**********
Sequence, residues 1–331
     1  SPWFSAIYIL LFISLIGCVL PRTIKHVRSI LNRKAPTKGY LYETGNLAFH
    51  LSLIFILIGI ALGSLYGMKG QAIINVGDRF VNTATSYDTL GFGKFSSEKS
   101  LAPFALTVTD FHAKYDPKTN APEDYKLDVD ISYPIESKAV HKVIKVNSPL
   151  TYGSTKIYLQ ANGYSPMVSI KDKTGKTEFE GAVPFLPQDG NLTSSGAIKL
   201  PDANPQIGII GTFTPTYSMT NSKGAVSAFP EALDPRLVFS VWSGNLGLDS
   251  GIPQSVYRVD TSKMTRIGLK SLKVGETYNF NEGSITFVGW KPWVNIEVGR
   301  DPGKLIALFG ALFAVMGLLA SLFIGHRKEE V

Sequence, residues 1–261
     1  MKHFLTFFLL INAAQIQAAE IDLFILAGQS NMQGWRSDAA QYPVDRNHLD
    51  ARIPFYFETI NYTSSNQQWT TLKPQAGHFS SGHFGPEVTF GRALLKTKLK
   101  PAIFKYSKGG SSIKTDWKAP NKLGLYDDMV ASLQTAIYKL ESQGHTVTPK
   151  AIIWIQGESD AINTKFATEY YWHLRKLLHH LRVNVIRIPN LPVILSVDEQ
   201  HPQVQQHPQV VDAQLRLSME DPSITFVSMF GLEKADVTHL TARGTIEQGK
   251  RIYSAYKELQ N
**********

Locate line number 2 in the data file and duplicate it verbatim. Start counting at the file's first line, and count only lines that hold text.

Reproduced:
     1  SPWFSAIYIL LFISLIGCVL PRTIKHVRSI LNRKAPTKGY LYETGNLAFH